All-In wrestling and the birth of hardcore wrestling in the UK

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Hamish Woodward

Some may think that ECW was the peak of hardcore wrestling, but in Great Britain, All-In wrestling dominated six decades earlier.

The All-in rules came into force in 1930, and changed the business of wrestling. It turned a dead industry into a powerhouse once again, although it came at the price of the quality of the product.

Chair shots, bloods and nut shots were commonplace, and were a key reason why All-in wrestling had to die just 17 years later.

(Note: This is NOT the same as AEW’s All In show from Wembley in 2023 and 2024. Click here to learn more about AEW All In at Wembley Stadium).

What is All-In wrestling?

The concept of “All-in wrestling” was invented in 1930. It was a new way to wrestle, due to the growing size of wrestlers in the era and the popularity of the sport growing in the United States.

The rules of All-in were introduced in 1930 by Atholl Oakeley. Oakeley was a wrestler and promoter, who helped reintroduce professional wrestling to the United Kingdom after it fell out of favour following the first world war.

The business was on a downturn due to how boring it had become. Matches could last hours, with the only way to win being to pin your opponent’s shoulders to the ground. This led to long, drawn out encounters that bored fans to death, as the wrestles grew so big and muscular that their shoulders simply did not touch the mat any more.

Business did pick up in the late 1920 with the “Gold Dust Trio” in the United States making it popular again, which led to Oakeley revolutionising the business in December 1930.

All-in wrestler introduced new holds to the wrestling business, and as such submissions became a viable way to win. Oakeley himself proclaimed, “No longer was it necessary for a man to look like an ox in order to be champion”. The crowds soon flocked to the music halls to see this new wrestling in action.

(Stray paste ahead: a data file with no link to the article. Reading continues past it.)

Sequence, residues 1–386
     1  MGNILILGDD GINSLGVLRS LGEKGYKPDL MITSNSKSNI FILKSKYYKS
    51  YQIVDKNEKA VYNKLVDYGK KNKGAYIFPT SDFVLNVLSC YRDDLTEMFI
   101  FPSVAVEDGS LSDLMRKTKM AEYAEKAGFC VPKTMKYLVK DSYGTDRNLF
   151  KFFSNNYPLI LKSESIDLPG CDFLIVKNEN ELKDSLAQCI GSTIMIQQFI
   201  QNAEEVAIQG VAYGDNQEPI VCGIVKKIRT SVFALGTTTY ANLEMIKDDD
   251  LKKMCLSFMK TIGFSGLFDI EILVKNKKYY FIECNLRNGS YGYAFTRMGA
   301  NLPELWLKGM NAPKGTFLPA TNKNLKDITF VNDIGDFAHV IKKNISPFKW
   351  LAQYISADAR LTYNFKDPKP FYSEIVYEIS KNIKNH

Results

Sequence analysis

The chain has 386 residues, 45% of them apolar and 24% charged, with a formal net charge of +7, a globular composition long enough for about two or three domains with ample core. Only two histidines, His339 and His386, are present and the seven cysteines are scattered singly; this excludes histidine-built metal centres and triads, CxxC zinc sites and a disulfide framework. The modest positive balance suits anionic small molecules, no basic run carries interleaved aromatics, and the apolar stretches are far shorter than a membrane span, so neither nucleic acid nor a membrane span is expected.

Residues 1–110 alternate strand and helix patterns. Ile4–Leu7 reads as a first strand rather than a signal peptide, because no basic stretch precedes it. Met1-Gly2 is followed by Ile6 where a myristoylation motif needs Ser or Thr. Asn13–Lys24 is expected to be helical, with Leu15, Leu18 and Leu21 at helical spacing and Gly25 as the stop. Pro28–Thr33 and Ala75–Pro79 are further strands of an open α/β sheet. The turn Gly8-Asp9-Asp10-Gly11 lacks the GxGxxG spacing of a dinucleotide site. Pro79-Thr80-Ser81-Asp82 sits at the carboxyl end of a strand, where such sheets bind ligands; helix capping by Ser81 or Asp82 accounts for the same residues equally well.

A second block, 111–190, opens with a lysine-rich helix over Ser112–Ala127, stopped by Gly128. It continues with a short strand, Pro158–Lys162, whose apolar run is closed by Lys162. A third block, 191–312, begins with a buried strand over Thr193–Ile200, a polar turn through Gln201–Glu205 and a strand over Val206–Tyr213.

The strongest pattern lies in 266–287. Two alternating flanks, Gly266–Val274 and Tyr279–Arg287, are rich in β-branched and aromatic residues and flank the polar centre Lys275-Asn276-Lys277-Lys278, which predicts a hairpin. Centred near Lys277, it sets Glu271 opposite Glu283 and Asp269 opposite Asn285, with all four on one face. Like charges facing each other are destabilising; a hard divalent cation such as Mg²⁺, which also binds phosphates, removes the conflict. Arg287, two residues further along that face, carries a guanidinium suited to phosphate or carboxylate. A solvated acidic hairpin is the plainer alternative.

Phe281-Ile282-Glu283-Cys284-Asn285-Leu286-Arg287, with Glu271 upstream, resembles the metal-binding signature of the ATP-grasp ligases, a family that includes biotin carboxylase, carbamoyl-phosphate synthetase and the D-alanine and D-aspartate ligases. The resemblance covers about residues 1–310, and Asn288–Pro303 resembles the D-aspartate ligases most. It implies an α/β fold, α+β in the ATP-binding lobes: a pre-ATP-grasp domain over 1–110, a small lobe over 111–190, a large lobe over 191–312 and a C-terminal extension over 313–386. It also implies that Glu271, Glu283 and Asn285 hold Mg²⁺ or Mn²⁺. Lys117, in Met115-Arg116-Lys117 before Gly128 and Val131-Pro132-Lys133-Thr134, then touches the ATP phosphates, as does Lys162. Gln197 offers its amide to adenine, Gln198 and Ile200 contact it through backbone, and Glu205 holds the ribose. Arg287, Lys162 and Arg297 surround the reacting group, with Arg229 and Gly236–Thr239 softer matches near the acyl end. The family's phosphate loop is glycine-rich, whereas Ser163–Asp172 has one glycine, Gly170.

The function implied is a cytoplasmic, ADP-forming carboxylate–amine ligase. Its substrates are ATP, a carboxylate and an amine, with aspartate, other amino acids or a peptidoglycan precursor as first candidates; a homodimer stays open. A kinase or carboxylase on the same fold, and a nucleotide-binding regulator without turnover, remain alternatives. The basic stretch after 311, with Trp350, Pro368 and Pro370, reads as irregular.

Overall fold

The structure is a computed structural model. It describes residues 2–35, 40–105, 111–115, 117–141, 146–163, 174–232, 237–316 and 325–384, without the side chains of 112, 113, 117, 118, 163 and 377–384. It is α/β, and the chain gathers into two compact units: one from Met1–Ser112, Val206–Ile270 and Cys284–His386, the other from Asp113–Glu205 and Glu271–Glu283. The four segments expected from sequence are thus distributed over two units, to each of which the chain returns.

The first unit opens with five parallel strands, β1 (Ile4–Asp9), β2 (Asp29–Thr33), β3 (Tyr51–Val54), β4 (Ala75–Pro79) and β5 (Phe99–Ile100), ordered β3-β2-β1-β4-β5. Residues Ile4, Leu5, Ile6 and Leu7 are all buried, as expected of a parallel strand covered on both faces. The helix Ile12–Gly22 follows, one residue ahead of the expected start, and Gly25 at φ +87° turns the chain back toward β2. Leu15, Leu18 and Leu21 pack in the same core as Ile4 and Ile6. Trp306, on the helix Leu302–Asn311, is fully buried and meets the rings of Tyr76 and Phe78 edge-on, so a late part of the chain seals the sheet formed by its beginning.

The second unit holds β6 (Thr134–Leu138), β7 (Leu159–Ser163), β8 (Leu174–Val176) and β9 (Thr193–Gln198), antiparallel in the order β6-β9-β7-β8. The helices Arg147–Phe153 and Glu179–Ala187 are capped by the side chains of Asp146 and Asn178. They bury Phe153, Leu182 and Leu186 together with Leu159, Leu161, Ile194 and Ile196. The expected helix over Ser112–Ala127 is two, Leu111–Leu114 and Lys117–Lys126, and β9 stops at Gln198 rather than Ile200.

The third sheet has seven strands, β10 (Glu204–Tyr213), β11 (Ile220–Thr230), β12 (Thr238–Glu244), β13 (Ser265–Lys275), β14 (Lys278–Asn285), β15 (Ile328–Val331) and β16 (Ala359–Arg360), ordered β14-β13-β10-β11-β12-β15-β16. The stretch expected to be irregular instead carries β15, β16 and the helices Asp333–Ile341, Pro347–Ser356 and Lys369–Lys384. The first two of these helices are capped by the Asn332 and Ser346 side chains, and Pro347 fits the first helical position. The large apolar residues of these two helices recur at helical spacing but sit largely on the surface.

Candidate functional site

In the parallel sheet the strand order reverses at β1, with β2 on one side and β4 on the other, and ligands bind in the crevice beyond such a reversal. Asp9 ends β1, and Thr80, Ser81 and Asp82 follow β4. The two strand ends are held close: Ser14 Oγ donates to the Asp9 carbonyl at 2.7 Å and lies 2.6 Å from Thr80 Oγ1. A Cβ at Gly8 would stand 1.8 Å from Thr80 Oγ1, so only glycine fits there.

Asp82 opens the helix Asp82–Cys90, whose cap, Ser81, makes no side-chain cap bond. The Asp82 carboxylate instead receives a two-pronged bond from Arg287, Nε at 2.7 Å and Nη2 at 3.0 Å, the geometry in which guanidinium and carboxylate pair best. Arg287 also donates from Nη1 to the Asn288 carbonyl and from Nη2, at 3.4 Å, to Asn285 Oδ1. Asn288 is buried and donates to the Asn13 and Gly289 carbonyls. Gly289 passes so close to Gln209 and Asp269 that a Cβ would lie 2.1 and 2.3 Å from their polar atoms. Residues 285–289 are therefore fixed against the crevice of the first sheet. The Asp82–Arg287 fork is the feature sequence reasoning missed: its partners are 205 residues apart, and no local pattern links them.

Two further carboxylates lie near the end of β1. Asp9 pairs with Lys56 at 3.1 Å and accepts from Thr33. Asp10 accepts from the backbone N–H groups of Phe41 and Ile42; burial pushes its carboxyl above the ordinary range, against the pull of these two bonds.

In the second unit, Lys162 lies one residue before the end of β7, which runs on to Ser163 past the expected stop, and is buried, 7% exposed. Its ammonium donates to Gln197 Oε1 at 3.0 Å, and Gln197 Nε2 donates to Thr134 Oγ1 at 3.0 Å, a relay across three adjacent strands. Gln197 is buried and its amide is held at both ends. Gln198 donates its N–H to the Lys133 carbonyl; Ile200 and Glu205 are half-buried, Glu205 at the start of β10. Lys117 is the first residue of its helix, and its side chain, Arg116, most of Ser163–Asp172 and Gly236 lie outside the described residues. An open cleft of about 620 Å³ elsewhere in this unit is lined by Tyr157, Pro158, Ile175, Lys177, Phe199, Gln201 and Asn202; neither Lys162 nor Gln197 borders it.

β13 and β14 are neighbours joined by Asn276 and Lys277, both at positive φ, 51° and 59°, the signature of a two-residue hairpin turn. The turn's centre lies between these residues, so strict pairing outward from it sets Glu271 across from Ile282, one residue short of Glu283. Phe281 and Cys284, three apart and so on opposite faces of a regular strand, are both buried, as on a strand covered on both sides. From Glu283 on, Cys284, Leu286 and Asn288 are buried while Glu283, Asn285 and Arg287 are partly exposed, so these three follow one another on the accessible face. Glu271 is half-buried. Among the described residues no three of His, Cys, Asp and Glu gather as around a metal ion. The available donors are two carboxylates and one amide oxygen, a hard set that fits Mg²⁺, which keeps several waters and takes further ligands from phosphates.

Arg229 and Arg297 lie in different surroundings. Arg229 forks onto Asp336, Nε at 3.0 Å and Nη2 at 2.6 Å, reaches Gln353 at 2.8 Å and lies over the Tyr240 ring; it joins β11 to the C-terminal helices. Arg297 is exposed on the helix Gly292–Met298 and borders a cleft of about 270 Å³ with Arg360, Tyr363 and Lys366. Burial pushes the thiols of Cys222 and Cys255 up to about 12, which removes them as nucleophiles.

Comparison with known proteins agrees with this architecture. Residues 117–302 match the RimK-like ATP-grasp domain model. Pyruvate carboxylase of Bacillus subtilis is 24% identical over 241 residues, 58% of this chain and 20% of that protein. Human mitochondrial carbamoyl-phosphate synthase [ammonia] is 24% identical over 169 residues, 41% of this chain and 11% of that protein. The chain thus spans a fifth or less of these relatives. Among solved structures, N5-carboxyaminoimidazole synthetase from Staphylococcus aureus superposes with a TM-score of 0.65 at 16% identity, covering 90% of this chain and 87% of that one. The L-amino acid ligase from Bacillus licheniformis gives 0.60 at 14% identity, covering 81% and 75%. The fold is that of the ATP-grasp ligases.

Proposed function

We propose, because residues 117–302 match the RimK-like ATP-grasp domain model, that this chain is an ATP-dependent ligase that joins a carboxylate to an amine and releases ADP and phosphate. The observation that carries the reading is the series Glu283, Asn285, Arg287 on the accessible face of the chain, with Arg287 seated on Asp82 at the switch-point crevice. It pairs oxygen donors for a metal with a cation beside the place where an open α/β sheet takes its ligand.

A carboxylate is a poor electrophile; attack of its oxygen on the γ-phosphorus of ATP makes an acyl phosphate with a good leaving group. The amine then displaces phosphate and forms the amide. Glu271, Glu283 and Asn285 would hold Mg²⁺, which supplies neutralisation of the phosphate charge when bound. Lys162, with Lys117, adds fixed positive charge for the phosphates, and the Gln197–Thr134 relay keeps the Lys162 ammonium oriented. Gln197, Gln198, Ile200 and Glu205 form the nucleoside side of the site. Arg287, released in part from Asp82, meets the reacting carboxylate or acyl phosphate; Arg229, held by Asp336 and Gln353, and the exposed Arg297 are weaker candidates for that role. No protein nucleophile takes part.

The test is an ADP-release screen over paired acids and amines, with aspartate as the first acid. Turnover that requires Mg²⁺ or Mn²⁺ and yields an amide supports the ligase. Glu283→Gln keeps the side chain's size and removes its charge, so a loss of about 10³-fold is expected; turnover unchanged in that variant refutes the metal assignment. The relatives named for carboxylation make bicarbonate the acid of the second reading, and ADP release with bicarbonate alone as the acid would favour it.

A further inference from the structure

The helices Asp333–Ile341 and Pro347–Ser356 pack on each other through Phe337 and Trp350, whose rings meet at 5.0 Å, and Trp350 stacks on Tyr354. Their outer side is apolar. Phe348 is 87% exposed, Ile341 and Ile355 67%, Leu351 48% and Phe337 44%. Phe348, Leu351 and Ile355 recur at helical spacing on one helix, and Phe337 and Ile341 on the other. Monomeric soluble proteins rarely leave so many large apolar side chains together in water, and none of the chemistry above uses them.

This new style of wrestling had an extensive rulebook, with numerous “fouls” that the wrestlers could not do in the ring. These would lead to a points deduction (As wrestling was fought in rounds, like boxing, in the UK), or even disqualification.

There were 12 potential fouls in All-in wrestling, including kidney punches, going shots and elbowing and kneeing the opponent in the stomach. While these seemed like very sensible rules, they weren’t supported by a wider organisation.

This led to absolute chaos.

All-In Wrestling Turned Nasty, And Quickly

With no overarching governing body policing the All-in wrestling scene, it quickly devolved into anarchy.

The term was used to basically mean a free-for-all, no-holds-barred affair. Rules were thrown out the window, but groin kicks, kidney punches and elbows to the stomach becoming commonplace.

Not only that, but weaponry and blood began creeping into the business. Chair shots became a regular occurrence, with fans baying for blood. With a lack of wrestlers who could put on high-level All-in matches, they soon began to wrestle this “garbage” style of lawless, hardcore wrestling.

The business got incredibly popular again during this time, which led to the demand for more. More wrestling, more violence and more blood was required. It was a race to the bottom, and the wrestling got so bad that it was even banned in London prior to World War 2.

This gave the business a wake-up call. It forced promoters to tone down the violence, and a new ruleset had to be created.

The Mountevans Rules of wrestling was created in 1947, ending All-In’s domination over pro-wrestling in the United Kingdom.

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